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Anthropology

A Conversation about Art and Biology with Ellen Dissanayake '57

Ellen Franzen Dissanayake came to Washington State College from Walla Walla in 1953 as a music major. At the time, undergraduates were required to take four science classes. After taking the legendary BioSci 101 from Winfield Hatch and Human Physiology from Donald S. Farner, she found it easy to “think biologically,” which influenced her subsequent interest in the evolutionary origins of the arts.

At graduation, she married fellow student and zoologist John Eisenberg, and they moved to Berkeley, where he would attend graduate school. He was well on his way to becoming a prominent mammalian ethologist and was a rich source of thinking on behavior … » More …

Ozette Art and the Makah Canoe

Many questions remain concerning the contents of the longhouses  excavated at Ozette. One of the most intriguing is the nature of its art, which was pervasive. More than 400 artifacts stored at the Makah Cultural Center might be considered art. Although a few pieces, such as the well-known carved whale saddle, are (presumably) ritualistic, most are everyday objects, combs, bowls, clubs, embellished with designs.

Jeff Mauger (PhD ’78), an archaeologist at Peninsula Community College in Port Angeles, earned his doctorate from WSU, analyzing the shed-roof style of the houses at Ozette and their relation to the style throughout the Northwest coast. Since then he … » More …

Winter 2008

A reburial eases a clash of culture and science

On a bluff above the Snake River, a few miles upstream from the Tri-Cities, people are gathering on a July morning to bury their dead. Or rebury, actually. The bones that fill the ordinary cardboard boxes sitting next to a deep open grave have spent decades in a laboratory storeroom. On one box is printed in neat letters, “woman and child.”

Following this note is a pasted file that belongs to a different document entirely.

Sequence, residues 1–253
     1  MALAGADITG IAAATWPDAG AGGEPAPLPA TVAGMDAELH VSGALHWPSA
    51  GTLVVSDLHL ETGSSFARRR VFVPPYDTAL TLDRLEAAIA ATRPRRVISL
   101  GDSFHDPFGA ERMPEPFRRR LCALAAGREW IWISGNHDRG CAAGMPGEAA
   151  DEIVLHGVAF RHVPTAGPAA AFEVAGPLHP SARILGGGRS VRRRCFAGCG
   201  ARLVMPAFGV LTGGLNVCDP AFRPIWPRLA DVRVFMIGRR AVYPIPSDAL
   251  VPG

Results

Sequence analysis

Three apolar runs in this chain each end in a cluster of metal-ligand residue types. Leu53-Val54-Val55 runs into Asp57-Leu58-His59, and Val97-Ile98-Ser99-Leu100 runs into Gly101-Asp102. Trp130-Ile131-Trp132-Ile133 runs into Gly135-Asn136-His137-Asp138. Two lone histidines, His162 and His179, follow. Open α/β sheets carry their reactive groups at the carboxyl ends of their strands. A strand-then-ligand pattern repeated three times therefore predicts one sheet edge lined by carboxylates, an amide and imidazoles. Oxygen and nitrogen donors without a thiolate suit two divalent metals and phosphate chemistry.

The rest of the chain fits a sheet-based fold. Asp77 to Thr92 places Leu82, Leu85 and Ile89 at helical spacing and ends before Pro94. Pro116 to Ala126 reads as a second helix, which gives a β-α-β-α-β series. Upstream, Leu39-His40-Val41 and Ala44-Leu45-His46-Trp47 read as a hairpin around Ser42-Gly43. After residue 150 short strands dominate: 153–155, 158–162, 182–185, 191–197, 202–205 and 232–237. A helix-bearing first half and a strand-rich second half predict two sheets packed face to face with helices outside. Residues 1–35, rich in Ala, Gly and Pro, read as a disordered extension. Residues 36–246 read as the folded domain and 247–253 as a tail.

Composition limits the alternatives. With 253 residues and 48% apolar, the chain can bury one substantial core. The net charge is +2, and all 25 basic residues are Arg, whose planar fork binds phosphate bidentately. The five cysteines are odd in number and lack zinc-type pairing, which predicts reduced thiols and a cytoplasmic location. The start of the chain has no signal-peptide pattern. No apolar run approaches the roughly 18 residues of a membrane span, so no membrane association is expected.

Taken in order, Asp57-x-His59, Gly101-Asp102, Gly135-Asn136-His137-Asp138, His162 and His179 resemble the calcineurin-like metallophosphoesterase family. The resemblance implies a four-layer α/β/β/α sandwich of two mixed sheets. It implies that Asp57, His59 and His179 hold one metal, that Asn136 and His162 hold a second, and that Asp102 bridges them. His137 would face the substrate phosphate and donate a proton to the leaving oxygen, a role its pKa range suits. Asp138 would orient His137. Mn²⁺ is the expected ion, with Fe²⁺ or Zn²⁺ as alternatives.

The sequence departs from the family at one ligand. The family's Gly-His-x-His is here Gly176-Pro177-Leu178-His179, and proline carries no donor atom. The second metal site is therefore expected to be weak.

A warm breeze rustles the sage and wild rye, as people approach the grave in small groups, people of the Yakama, Colville, Nez Perce, Umatilla, and Wannapum. Although the identities of the remains are uncertain, they are certainly ancestors of many of those gathered … » More …

Dem bones

The Conner has one of the biggest collections of bird skeletons in the nation. Kelly Cassidy opens a drawer and pulls out a box the size of a small microwave oven. It rattles. It contains a disarticulated golden eagle skeleton, each piece labeled with a number (except for the very smallest, which are about the size of a sesame seed).

“Our skeletons are literally boxes of bones,” she says. The Museum has a few dozen skeletons that have been fully assembled, which are useful for public display, but not for research that requires being able to look at the bones from all angles.

The most … » More …

Summer 2008

A Dialogue with the Past

A fierce Pacific storm in February 1970 revealed early remains of Ozette, on the Olympic Coast between Cape Flattery and La Push. Worried about the site's vulnerability to looters and further storms, Makah tribal leader Ed Claplanhoo '56 called archaeologist Richard Daugherty at Washington State University, commencing an 11-year excavation of the site. The excavation yielded thousands of well-preserved artifacts and a wealth of clues to the history and culture of Makahs and other coastal tribes. » More ...
Fall 2002

An expert on human evolution, a long-distance driver

Grover S. Krantz, world-renowned anthropologist and longtime Washington State University professor, died on February 14, 2002 in Port Angeles, Washington after an  eight-month battle with pancreatic cancer. Professor Krantz, or Grover, as everyone knew him, was born November 5, 1931, in Salt Lake City. He obtained a B.A. and M.A. in anthropology from the University of California at Berkeley.

After receiving his doctorate from the University of Minnesota in 1968, Grover came to the Department of Anthropology at WSU in 1968. When he came to Pullman, Grover planned to spend a “couple of years at WSU.” Those couple of years turned into 30, until he … » More …